Question and Answer: Deb Armstrong
October 14, 2007
At the tender age of 20, Seattle native Deb Armstrong won Olympic gold in the women’s giant slalom at the 1984 Winter Olympics in Sarajevo. As the former ambassador of skiing for Taos Ski Valley, Armstrong has spent the past 23 years of her life sharing her passion for skiing with others. A National Ski Hall of Fame inductee, Armstrong most recently was named the Alpine technical director for the Steamboat Ski and Snowboard School.
The accomplished and dedicated athlete is about as humble as they come. (In fact, she wasn’t sure which box she had packed her gold medal in.)
At Home’s Alexis DeLaCruz had the opportunity to spend a perfect fall day on Mount Werner with this entertaining, enlightening and inspiring skiing star.
At Home: Let’s start with the obvious, how has your life changed since you became an Olympic gold medalist and how has that shaped the last 23 years of your life?
Deb Armstrong: I’ve always said that winning a gold medal is like having a baby because one, it’s with you for the rest of your life. It’s something that evolves and grows and matures, and on the day you win it, it means something. A month later, it means something else. A year later something different, and what it means to me today or to Billy (Kidd) back when he won his medal, it’s something different again. In the last 23 years, it’s in some respects defined who I am. I’ve worked very hard to make sure it’s not the definition of who I am. I’ve worked hard to continue to grow my career, all that kind of stuff.
AH: So in a sense you won it, but it’s not who you are?
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DA: Oh no way. No way. I won it and it was a highlight of my life, but if I stopped there as a 20-year-old, my life would have ended. The way it changes things : it opens doors, no question about it, and it’s up to me to bring it home. I’ve got to deliver the goods. Nobody cares. If I’m teaching a ski lesson, for the first three minutes, I’m a gold medalist. For the next hour or two or for the rest of the day, I need to deliver. The medal adds flavor. It adds really fun color. And it kind of ends there as far as I’m concerned.
AH: Do you remember what that day was like? What do you remember feeling? Were you nervous? Were you excited?
DA: Leading into the Olympics was good. I had very strong results. To the American media, my win was a surprise. To the ski community, it wasn’t a surprise. On that day I was there to win a medal. No question about it. I wasn’t nervous, it was just the ultimate of excitement. There were really three things that went through my mind on that day. Don’t get to the bottom of the run and wish you had a second chance. In life, these really are life metaphors here. How often do we wish we had a second chance? It’s the Olympics (where) you don’t get a second chance. The second one was, the Olympics were unique and I knew that, and I wanted to feel and experience the uniqueness of it. That kept me really in the moment. Was I going to be more nervous, less nervous? Anything that came with it I was interested and excited to experience. And the final thing was just to have fun. That’s what was on my mind.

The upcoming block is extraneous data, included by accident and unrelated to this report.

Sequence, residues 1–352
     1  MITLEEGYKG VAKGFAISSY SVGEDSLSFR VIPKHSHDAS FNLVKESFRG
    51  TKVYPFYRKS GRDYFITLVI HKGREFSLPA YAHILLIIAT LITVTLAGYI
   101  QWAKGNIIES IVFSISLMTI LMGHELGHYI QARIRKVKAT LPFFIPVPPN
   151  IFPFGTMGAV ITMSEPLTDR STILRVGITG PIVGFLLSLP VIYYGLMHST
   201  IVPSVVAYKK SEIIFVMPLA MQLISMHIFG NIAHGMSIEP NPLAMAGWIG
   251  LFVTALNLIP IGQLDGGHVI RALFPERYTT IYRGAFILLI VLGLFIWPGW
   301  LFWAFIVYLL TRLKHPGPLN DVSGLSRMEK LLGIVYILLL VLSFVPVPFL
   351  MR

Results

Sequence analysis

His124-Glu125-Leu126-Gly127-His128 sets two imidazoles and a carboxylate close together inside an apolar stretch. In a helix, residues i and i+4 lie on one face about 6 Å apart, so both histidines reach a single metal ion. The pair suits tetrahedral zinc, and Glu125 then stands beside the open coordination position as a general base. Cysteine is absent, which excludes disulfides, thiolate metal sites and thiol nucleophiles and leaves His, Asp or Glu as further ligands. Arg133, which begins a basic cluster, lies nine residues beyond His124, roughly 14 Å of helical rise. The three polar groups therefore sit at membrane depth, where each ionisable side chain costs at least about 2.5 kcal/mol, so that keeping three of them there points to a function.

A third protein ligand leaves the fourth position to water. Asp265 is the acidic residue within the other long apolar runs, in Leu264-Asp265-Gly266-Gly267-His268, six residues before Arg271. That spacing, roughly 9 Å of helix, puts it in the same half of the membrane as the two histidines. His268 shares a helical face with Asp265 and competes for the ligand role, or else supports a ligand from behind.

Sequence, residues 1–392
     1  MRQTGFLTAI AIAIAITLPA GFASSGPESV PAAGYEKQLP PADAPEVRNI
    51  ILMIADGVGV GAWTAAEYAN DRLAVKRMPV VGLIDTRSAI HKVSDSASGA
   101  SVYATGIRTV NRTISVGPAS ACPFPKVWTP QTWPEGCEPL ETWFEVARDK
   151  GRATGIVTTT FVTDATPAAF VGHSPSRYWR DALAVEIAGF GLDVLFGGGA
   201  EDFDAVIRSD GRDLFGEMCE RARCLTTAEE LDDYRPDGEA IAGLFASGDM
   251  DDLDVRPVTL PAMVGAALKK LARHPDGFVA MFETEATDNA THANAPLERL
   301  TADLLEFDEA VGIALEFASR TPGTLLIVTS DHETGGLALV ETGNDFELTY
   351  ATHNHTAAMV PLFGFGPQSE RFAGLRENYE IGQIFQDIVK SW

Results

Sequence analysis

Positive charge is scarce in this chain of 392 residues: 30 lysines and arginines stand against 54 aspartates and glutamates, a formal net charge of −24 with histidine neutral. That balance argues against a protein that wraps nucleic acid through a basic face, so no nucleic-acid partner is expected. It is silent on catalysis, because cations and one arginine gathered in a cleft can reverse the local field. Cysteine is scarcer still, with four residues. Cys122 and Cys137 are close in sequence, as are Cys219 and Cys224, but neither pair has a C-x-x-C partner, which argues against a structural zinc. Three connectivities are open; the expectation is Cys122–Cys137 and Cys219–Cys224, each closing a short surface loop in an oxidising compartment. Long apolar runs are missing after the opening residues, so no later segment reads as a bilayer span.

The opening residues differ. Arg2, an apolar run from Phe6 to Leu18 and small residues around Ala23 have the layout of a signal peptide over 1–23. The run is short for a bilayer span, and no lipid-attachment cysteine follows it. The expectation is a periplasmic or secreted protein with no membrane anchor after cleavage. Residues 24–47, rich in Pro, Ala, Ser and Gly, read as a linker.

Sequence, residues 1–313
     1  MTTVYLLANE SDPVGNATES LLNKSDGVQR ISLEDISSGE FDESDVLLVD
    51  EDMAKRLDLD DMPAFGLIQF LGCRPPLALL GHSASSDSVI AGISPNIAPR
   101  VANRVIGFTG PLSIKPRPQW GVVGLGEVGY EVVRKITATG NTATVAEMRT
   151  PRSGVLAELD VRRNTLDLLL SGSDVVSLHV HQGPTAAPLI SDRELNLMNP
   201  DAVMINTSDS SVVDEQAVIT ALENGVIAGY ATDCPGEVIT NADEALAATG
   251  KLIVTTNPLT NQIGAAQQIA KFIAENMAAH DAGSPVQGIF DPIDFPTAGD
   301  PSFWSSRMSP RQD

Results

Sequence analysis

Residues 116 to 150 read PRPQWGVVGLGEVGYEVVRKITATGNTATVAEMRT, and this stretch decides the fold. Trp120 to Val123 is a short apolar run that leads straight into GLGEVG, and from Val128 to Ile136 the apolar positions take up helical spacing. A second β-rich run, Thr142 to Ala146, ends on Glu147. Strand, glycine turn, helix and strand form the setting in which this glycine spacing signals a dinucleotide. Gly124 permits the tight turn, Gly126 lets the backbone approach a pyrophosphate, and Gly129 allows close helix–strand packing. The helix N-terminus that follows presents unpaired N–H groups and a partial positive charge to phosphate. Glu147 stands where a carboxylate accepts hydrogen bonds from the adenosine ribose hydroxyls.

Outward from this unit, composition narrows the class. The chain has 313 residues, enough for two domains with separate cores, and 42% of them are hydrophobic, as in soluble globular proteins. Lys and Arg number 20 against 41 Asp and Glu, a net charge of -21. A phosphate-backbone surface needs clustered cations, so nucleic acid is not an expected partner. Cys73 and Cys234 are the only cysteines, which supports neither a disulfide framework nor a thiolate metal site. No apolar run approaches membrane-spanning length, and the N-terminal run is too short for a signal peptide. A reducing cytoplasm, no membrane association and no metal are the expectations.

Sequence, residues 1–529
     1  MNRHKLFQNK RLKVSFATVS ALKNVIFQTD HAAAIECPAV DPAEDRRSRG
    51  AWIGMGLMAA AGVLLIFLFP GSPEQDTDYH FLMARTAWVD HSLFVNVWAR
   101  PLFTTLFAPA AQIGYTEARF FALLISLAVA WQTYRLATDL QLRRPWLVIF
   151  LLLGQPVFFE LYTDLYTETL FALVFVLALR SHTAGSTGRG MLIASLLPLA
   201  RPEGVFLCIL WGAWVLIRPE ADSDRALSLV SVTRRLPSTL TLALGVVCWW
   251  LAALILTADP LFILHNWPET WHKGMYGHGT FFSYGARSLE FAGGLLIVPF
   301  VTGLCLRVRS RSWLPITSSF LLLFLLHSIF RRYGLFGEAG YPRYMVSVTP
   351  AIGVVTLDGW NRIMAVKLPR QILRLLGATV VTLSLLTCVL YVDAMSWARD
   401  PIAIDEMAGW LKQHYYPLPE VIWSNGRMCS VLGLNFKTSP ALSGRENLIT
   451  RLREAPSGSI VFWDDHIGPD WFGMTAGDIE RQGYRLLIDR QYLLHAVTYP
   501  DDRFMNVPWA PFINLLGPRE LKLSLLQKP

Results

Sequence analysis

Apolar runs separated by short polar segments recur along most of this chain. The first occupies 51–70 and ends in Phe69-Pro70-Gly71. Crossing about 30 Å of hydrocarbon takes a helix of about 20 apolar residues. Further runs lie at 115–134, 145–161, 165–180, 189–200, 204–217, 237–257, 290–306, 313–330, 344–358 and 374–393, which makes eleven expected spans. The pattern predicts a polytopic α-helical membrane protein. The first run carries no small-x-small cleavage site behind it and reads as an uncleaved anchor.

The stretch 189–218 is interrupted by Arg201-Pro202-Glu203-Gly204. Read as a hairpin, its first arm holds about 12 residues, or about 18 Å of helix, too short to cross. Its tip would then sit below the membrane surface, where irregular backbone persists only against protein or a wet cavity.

AH: You recently moved to Steamboat from Taos, N.M. What brought you here?
DA: I needed more of a professional challenge. Skiing is what I love. I wanted to be more involved with the technical direction of a ski school. I’m passionate about technique. I’m passionate about teaching skiing. I feel that I’m in a very unique position, one to deliver the glitz and the glamour of my gold medal, but two to deliver the goods technically. As a PSIA Alpine Team Member, I’ve worked very hard on being current. This job here really blends all those passions for me.
AH: What are you looking forward to in living in Steamboat? Do you have high expectations?
DA: This really was the one Colorado destination resort that was on my list that I felt I could live because it’s a year-round community. It’s definitely a community, community. It’s so supportive. I think the (Steamboat Springs) Winter Sports Club is a real testament to the commitment to families, to activities. That’s one example. Everything about this community fits my lifestyle – the outdoors, the mountains, the passion about skiing. I love to golf. I love to mountain bike. I know it’s going to be a good fit.
AH: You had mentioned you’re really interested in the technical aspect of teaching. What about equipment? How has the revolution of skis in general changed over the years, and have you had to adapt to that?